Ms. Leigh then goes on to share all the details on her journey through fertility treatments. From the beginning, there's a feeling of hope. The reproductive endocrinologists (REs) who she works closely with are driven to help her bring home her childling. In many moments, I found myself having flashes from my own treatment experience, with me also having a deep affection for the nurses who oversaw my care. There is also her injection regiment, where she details how she prepares and the worry of doing anything wrong, something many in the infertility community can relate with. But as Ms. Leigh goes on there's an underlying sense of ick that surfaces, from the offers of add-ons where the data of their benefit is unclear to the medical advice where they claim the decision is her own when clearly they are influencing her to the contract Ms. Leigh signs where it is disclosed that the doctors are financially benefitting from the treatments that administer. As Ms. Leigh shares the details in a way that illustrates the mindset of a fertility treatment patient, it's hard not to experience the confusion, uncertainty and lack of control caused by these mind wars.

In the end, Ms. Leigh decides to end the madness and reclaim her live. A decision that leads to grief for the loss of her childling. But also there is a reclaiming of control over the process. A claiming of limitations and setting of boundaries. Interestingly enough, while initially criticized for going this route alone, there is now pushing for her not to stop, revealing the trauma of not being allowed to properly grieve what was loss.

Ms. Leigh's book ends on a hopeful note; of choosing to love after things have fallen apart. Most impressively, she shares vignettes about her with her nieces and nephews. She shows her ability to love on the deepest of levels, especially during moments of pain. She counters all claims that those not parenting are unable to love on the deepest of levels. That this connection is not restricted solely to those who give birth.

Avalanche, in the end, is a love story in its truest form. A story of love that so many have experienced. Its the story of someone who sacrificed so much to bring her son/daughter into the world. One that anyone who is parenting or has ever desired to parent can relate with. The difference is that Ms. Leigh finds herself grieving the dead of this child. While others will go on to encounter milestone after milestone, she is burying her baby. That's not selfish and uncaring, but a love most dear. Evidence to refute all the myths and misconceptions surrounding those who are not parenting. That instead of being shallow and weak, these individuals are filled with strength, love and compassion. That they know how to love on levels and in ways that many fail to understand.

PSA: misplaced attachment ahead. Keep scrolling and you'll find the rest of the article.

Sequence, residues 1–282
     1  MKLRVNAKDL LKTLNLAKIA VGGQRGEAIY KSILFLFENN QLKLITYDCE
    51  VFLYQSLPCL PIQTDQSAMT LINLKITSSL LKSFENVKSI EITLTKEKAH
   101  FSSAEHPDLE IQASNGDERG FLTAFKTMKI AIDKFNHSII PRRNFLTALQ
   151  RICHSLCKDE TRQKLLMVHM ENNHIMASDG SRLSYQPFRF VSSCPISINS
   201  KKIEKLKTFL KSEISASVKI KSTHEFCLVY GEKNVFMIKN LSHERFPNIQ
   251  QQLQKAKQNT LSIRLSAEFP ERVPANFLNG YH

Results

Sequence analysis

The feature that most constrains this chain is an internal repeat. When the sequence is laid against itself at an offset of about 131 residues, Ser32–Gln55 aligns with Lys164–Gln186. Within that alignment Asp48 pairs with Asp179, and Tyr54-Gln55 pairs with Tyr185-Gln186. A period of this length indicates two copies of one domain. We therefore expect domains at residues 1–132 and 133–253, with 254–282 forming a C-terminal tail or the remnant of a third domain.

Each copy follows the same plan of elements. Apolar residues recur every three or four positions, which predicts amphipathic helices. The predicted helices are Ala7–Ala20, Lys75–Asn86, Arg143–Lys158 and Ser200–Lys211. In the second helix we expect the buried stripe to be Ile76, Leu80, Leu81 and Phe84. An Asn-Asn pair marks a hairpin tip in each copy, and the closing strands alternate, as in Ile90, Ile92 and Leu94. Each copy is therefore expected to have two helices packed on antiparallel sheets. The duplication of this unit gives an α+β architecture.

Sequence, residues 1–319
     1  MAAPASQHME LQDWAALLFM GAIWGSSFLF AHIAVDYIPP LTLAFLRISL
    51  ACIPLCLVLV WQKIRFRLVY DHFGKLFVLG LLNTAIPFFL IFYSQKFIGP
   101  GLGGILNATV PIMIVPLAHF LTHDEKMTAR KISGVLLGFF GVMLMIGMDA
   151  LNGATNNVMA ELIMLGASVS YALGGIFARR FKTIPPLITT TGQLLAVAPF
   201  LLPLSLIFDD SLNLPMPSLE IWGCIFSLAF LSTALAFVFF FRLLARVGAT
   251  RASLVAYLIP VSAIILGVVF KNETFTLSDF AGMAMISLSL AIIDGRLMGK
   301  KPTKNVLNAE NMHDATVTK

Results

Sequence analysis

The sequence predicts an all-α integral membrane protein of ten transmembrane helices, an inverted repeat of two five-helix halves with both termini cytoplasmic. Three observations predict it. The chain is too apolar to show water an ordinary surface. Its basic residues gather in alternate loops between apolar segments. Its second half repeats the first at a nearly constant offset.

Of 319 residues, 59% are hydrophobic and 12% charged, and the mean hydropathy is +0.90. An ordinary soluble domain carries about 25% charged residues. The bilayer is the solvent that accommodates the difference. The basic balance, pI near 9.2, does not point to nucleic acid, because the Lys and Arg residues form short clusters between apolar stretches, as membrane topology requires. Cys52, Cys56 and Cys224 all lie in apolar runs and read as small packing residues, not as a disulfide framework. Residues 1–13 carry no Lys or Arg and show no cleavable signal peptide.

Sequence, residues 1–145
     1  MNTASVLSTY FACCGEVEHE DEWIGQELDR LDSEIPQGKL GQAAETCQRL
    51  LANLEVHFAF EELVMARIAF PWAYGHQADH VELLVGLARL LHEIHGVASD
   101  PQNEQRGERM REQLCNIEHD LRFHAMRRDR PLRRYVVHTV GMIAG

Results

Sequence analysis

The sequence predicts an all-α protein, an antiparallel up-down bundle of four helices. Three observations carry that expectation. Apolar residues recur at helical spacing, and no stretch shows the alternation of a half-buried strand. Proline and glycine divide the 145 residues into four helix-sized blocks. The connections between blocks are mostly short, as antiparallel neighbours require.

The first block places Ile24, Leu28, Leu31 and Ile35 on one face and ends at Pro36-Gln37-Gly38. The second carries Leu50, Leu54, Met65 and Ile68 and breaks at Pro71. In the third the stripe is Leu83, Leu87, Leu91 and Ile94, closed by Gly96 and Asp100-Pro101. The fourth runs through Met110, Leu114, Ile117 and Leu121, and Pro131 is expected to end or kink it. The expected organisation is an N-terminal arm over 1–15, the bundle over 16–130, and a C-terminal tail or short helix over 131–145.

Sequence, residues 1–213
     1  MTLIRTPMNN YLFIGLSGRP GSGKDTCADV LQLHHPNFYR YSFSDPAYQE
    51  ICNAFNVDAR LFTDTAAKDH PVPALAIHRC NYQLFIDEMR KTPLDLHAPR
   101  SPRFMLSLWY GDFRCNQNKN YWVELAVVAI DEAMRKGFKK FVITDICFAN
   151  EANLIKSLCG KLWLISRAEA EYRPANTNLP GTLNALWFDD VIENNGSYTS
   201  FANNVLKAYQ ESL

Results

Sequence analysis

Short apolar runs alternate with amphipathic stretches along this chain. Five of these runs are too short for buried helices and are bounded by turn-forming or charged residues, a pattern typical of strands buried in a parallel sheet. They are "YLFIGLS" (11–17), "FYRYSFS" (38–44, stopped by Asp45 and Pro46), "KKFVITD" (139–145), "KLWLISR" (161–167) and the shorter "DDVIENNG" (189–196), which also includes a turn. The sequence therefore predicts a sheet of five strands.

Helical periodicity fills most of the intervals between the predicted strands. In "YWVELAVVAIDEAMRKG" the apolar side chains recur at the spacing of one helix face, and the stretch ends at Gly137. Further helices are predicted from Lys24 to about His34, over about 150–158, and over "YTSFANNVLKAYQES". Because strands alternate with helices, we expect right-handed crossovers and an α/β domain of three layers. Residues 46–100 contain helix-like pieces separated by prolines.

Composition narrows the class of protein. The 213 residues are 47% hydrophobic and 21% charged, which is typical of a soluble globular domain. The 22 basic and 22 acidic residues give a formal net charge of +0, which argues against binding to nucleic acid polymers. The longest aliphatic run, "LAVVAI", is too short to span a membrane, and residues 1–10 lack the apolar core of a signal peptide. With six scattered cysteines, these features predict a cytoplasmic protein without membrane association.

And maybe that's the lesson we're all meant to understand: that love comes in many forms. No better and no worse.

Monday, September 19, 2016

#MicroblogMondays: why we need to talk about infertility

Not sure what #MicroblogMondays is? Read the inaugural post which explains the idea and how you can participate too.

Sitting on the bus back to campus, I finished the last page of Julia Leigh's Avalanche: A Love Story and felt like I had been stunned. The emotions welling up in me, combined with my own memories of fertility treatments, reveal a tangled web that still requires more picking. 

In an attempt to make sense of the emotions, I do a web-search looking to see what others have to say about Julia's book. One of the first hits reveals a review from the New York Times by Rachel Cusk. As I read, the numbness is replacing by hot anger. 

This week, Pamela Mahoney Tsigdinos is hosting a blog book tour for Avalanche. Already some have asked why this is necessary. For those who wonder, I invite you to read Ms. Cusk's review as she illustrates beautifully how much we need to be talking openly about infertility. Ms. Cusk opens her review by drawing a comparison between those who want to be successful writers and those who undergo fertility treatments, stating early on that the chance of success is extremely low and both parties are knowingly setting themselves up for heartache. That somehow we are asking for pain upon pain in the pursuit to grow our families. The utter lack of empathy is clear from the first paragraph.

The sad part is most people share Ms. Cusk's opinion. Most see infertility as something we brought on ourselves. Be if we waited too long or that we aren't deserving or that parenting isn't part of a higher-power's plan for us or maybe that we did something to cause all of this. We absolutely deserve this in their eyes. 

Infertility isn't the first disease to face such stigma. 100 yrs ago, the American Cancer Society was founded during a period when a similar mindset was inflicted those diagnosed with cancer. It was through public education and stories, both of survivors and family, that changed how we view cancer today. But this only came because stories were shared, like Julia's memoir, Belle Bogg's recent book The Art of Waiting as well as many other books (Pamela's Silent Sororty, etc), this community of bloggers/tweeters/etc and even those who've chosen to share their journey, no matter the stage. The truth is, we need to talk about infertility and what it does to a person, a couple, a family and even a community.